Dog dewclaw paw.

Why Do Dogs Have Dewclaws?
The Canine "Thumb"

Written By Olivia De Santos | Canine Coach, Professional Writer & Video Content Creator.
Edited & Fact Checked By Renae Soppe | Double B.A Journalism & Science. 
Last Updated: 3rd January 2024

Ever noticed that dangly little nail tucked on the upper part of your dog’s foot? That seemingly insignificant digit is known as a dewclaw. While it’s fun to compare dewclaws to thumbs, why would your dog need thumbs? Why do dogs have dewclaws?

That’s what we’re going to learn today. In this article, we’ll talk about what dewclaws are, how dogs use them today, and if your dog’s dewclaws should be removed.

Sound good? Let’s hook in.

What Is a Dewclaw? The Backstory

Before we dive into the "why," let's talk definitions.

Dewclaws are small, vestigial claws found on the inner side of a dog's front legs.

Think of them as a sort of "thumb" for your dog.

PRO TIP: dewclaws are supposedly called that because they don’t touch the ground, and only touch the “dew of grass” (1)

While all dogs are born with dewclaws on their front legs, some also have them on their hind legs, although this is less common.

Front dewclaws are attached by bone like a regular dog nail.

Rear dewclaws can be attached by bone too, but often they are attached by flaps of skin.

But where did they come from?

The easy answer is evolution. But funnily enough, wolves don’t have dewclaws.

The canine thumb is uniquely canine and some breeds are more likely to have dewclaws on all four feet.

Experts claim that dewclaws were more functional digits for early canines.

They helped dogs grasp and manipulate objects, much like our thumbs do for us (though with less dexterity).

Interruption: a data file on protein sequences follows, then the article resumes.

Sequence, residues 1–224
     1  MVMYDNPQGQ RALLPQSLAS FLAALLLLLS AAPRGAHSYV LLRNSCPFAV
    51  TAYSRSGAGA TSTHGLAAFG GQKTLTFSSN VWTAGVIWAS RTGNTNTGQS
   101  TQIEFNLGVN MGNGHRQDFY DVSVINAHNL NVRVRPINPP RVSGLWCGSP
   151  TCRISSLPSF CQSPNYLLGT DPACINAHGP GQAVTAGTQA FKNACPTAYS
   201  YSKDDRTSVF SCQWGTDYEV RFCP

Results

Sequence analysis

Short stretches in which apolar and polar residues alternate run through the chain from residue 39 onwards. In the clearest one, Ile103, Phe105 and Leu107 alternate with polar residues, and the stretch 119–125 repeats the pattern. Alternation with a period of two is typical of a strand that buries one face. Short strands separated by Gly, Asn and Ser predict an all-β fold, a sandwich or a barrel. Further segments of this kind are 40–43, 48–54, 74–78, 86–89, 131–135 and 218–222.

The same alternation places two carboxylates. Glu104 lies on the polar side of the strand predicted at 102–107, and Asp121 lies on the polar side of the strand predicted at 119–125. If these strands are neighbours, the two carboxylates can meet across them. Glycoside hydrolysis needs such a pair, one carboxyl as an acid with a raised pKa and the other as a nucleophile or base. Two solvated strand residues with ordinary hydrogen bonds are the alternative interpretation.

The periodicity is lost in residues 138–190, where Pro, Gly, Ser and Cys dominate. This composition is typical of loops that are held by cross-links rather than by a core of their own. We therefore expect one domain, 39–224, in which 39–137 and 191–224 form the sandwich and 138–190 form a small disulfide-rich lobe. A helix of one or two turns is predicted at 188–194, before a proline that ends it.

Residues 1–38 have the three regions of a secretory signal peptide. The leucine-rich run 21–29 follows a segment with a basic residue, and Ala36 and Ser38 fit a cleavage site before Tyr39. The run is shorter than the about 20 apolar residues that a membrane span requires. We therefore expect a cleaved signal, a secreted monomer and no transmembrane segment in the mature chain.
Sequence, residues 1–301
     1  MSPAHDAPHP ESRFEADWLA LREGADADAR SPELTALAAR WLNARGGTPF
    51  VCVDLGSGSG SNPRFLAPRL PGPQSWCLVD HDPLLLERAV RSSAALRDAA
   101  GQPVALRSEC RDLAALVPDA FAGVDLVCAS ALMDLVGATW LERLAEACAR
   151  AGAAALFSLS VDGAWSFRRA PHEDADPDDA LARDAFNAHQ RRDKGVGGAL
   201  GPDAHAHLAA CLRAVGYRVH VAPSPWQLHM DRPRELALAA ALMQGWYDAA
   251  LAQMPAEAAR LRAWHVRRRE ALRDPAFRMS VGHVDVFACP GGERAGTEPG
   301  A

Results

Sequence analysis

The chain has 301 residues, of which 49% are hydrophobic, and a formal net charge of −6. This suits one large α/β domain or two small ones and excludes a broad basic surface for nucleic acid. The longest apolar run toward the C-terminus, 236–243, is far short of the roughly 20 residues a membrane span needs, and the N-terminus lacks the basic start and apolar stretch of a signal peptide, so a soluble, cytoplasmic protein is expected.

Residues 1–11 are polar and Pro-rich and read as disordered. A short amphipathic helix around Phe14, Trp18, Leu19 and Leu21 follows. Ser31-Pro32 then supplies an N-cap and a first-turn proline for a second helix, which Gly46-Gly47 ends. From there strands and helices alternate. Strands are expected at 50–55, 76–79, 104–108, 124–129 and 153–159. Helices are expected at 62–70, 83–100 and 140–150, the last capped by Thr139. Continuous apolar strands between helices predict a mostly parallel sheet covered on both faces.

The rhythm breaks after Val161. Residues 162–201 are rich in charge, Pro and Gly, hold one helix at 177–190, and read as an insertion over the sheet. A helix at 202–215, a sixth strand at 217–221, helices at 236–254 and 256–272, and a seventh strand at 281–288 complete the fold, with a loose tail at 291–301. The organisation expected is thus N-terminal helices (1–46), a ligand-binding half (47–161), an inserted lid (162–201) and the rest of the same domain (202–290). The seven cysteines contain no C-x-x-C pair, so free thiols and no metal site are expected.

Herding and guarding breeds like Great Pyrenees Mountain Dogs and German Shepherds have rear dewclaws. They may have used their extra appendages for work-specific tasks.

“In the Great Pyrenees, these may function as a brake of sorts since they often raced down mountainsides chasing wolves away from flocks of livestock…the double dewclaws might also help them chase sheep-steeling predators over rough terrain.” – American Kennel Club (2)

With selective breeding, some dog breeds phased out the need for their dewclaws so they only have them on the front legs. Other working dog breeds still have them.

While many aspects of their anatomy changed, dewclaws stuck around.

So how might your dog use them today? Let’s take a look.

What Is the Purpose of a Dewclaw on a Dog?

While dewclaws may no longer serve a prominent role in your dog's daily life, they still have some use.

Here’s what we know:

Dewclaws can help stop your dog from slipping

Dewclaws can provide extra traction when a dog is running or navigating slippery terrain – for example when climbing out of water or walking on ice. Some dogs also use them to climb trees and fences (if they can).

This is why working dogs are more likely to have all four dewclaws. It’s particularly beneficial for dogs who do agility or hunting, or that run on varied terrain and need extra stability.

Dewclaws help your dog balance

Some experts believe that front dewclaws can help dogs maintain balance during high-speed chases or while making sharp turns.

“When dogs run, their front feet often bend to the point where their dewclaws contact the ground. At high speeds (especially when turning) or on slippery surfaces, these dewclaws provide extra traction and help stabilise the carpal (wrist) joint.”-- PetMD (3)